Finally, a border adjustment in a VAT would not affect how a foreign seller goes to market with U.S. customers. All sales to U.S. customers would be subject to the VAT except to the extent exemptions are provided for specific goods or services or for sales below some de minimis level.
The DBCFT, in contrast, works its magic by denying a tax deduction for the cost of imported goods and services. There are many U.S. purchasers -- individual consumers who purchase for personal use and tax-exempt organizations -- that do not care about the tax deduction. Foreign companies that sell to those customers will be motivated to "go direct" rather than sell through U.S. distribution companies.
Consider Ikea. Today, Ikea stores in the United States purchase goods from foreign (and some domestic) suppliers and then sell to customers who for the most part cannot claim tax deductions for the purchases. After adoption of the DBCFT, Ikea stores will become showrooms, compensated on a cost-plus or commission basis. Sales will be made from an Ikea entity in Canada or Mexico that ships directly to customers.
Unless the DBCFT includes some kind of reverse charge or use tax on U.S. customers, the Ikea restructuring works. And the U.S. experience with remote sellers and state sales taxes suggests that the United States will find it difficult to impose a surrogate DBCFT tax on individual purchasers. Further, if (as predicted) the DBCFT causes the U.S. dollar to strengthen against foreign currencies, U.S. consumers will be able to purchase foreign direct-supplied goods much more cheaply than U.S.-supplied goods. Is that a goal of the DBCFT?
U.S. producers and retailers will be uncompetitive in this situation, so what will they do? If we are advising them, they will consider exporting their goods to a foreign purchaser (claiming, of course, exemption for the export income). The foreign purchaser -- perhaps related to the U.S. producer -- will then sell the goods and services directly to U.S. consumers who are indifferent about the tax deduction.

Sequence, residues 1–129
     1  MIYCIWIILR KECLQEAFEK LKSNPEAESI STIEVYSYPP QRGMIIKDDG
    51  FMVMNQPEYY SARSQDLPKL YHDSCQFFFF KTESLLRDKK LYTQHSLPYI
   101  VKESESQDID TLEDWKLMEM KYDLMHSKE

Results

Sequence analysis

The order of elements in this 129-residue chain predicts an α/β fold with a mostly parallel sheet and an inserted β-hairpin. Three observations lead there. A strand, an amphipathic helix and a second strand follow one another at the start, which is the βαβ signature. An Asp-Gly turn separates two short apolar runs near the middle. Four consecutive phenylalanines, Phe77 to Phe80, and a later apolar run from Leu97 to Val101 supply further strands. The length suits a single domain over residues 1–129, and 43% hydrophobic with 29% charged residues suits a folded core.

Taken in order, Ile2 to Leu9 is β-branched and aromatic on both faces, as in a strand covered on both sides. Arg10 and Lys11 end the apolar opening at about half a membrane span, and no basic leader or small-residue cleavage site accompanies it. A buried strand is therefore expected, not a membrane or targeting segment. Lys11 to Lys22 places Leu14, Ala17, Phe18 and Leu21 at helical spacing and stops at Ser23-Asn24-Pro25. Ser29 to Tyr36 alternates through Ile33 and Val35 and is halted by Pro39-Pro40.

The DBCFT is not a VAT. The economists most closely identified with the proposal, Alan Auerbach and Douglas Holtz-Eakin, are clear on that point. And supporters of the DBCFT work hard to avoid being labeled as VAT proponents. But supporters soft-pedal the consequences of the DBCFT's destination feature by comparing it to the border adjustment in a VAT.
For instance, in a February 21, 2017, letter from a group of corporate CEOs to congressional leaders, the CEOs wrote, "A critical element of the House blueprint is the provision that ensures that goods and services produced abroad face the same tax burden as those produced in the United States. This reform is consistent with the tax policies of nearly every other country in the world."
That is wrong. The border adjustment found in the tax policies of nearly every other country in the world does not require the government to send out refund checks for taxes it never collected. And the border adjustment in VAT systems has a neutral impact on business decisions; it does not dramatically complicate the choices of from whom to purchase and to whom to sell.
One can pretend that the border adjustment feature in the DBCFT is a cuddly lamb, but it has teeth. Those teeth are sharp and will draw blood if the United States adopts this unconventional proposal.